Big Oil showdown on Capitol Hill

@CNNMoney May 12, 2011: 5:17 AM ET

Smile! You're testifying on Capitol Hill: Executives of the Big 5 oil firms appeared last year and will again on Thursday.

NEW YORK (CNNMoney) -- Gas prices sit near $4 a gallon. And guess what? Oil execs are heading to Washington to testify before Congress.

Festivities start Thursday, when representatives of the so-called big five oil companies will be subjected to a ritualistic flogging at the hands of the Senate Finance Committee.

This time around, the lucky winners are Chevron (CVX, Fortune 500) CEO John Watson, Shell (RDSA) President Marvin Odum, BP (BP) America Chairman Lamar McKay, ConocoPhillips (COP, Fortune 500) CEO Jim Mulva and Rex Tillerson, CEO of Exxon Mobil (XOM, Fortune 500).

Pushed by rising gas prices, Democratic lawmakers have ramped up calls to end tax incentives they say oil and gas companies don't need.

On Tuesday, lawmakers introduced legislation that specifically targets the big five. Dubbed the Close Big Oil Tax Loopholes Act, the bill would eliminate tax subsidies for the five largest oil companies and direct those savings to pay down the deficit.

The oil industry enjoys a raft of tax breaks, implemented at different times with different aims.

The biggest is the domestic manufacturing tax deduction. Passed in 2004, it is designed to keep factories in the United States. Also on the chopping block: the foreign tax credit, a provision that gives companies a credit for any taxes they pay to other countries.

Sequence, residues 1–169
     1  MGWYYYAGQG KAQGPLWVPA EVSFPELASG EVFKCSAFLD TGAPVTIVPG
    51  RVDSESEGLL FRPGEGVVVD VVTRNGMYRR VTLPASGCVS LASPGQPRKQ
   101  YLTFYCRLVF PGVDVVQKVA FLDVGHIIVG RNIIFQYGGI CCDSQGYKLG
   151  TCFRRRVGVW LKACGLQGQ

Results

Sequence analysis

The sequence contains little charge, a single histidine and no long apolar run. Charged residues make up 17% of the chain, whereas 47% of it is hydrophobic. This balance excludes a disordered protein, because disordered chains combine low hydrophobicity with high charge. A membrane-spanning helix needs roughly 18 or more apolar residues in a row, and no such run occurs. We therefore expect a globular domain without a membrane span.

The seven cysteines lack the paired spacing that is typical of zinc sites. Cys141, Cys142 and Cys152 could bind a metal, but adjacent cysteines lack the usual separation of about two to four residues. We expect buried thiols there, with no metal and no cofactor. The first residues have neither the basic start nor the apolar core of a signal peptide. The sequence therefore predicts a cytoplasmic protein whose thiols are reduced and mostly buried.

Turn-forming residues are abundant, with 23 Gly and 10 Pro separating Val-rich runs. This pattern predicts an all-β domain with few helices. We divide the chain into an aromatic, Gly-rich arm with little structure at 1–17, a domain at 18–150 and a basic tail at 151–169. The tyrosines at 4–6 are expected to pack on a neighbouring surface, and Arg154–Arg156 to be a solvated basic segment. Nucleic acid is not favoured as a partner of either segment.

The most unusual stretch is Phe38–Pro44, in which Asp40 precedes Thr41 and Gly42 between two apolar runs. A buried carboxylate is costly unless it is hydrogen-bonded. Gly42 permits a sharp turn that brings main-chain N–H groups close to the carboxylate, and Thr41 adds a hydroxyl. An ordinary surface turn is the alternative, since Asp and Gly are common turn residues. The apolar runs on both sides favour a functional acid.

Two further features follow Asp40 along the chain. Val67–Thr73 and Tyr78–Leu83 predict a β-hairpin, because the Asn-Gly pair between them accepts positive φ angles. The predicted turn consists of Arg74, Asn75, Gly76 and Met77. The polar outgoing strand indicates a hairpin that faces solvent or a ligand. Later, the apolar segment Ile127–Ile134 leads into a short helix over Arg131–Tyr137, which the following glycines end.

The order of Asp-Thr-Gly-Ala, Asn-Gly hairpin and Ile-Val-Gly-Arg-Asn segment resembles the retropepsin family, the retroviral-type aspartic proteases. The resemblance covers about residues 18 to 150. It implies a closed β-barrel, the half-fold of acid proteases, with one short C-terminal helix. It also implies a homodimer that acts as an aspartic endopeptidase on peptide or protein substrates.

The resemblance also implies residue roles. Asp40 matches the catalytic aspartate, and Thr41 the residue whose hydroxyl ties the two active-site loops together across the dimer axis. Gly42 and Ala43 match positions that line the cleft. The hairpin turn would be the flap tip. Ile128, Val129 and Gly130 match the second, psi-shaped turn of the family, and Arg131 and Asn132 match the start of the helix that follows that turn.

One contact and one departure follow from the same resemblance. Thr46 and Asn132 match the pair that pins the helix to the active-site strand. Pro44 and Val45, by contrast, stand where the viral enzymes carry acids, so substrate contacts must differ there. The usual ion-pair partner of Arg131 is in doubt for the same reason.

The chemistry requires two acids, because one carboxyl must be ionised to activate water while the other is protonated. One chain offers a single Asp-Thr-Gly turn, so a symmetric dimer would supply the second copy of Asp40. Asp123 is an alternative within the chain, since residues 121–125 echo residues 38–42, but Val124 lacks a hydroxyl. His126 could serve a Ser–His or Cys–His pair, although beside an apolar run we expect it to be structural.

The bill would also end write-offs on intangible drilling costs and prohibit companies from treating oil in the ground as capital equipment.

In total, the bill would result in savings of $21 billion over 10 years. That money would then be used to pay down the deficit.

Americans blame oil companies and speculators

The oil industry and many of its supporters in Congress -- mainly Republicans -- have argued that the tax breaks encourage domestic oil production and provide jobs for millions of Americans. Any increase in taxes would be passed on to consumers, they say.

It's a dance that Washington performs every time prices spike at the pump.

Let's flash back to April 2008, a few months before gas prices peaked at their all-time record of $4.11. Oil execs had been called to testify before the House, and Jay Inslee, a Democrat from Washington, lit into them.

"If you were going to give awards for taxpayer abuses, this would win the Heisman and the Oscar and the Nobel Prize," Inslee said.

The complaint? Tax breaks for oil companies, which had of course been enacted by ... Congress. So not much has changed in the past three years.

How Washington F@#$%! the budget

How much of this is political theater? Almost all of it.

Harry Reid, the top Democrat in the Senate, acknowledged as much.

"Let's make one thing clear: wasteful subsidies have nothing to do with gas prices. These oil handouts have existed for decades. Prices have continued to rise," Reid said Tuesday.

And any legislation currently under consideration has virtually no chance of surviving passage through the divided Congress, something analysts recognize.

"Given the wide difference of opinion between Republican and Democratic leadership on how to address voter pain at the pump, none of the bills are expected to reach enactment," MF Global wrote in an research note.

But harping on the issue of gas prices provides an avenue to other key political priorities.

Indeed, at the same time the Senate is bringing industry execs in for a grilling, Republicans in the House are considering legislation designed to increase domestic drillingTo top of page

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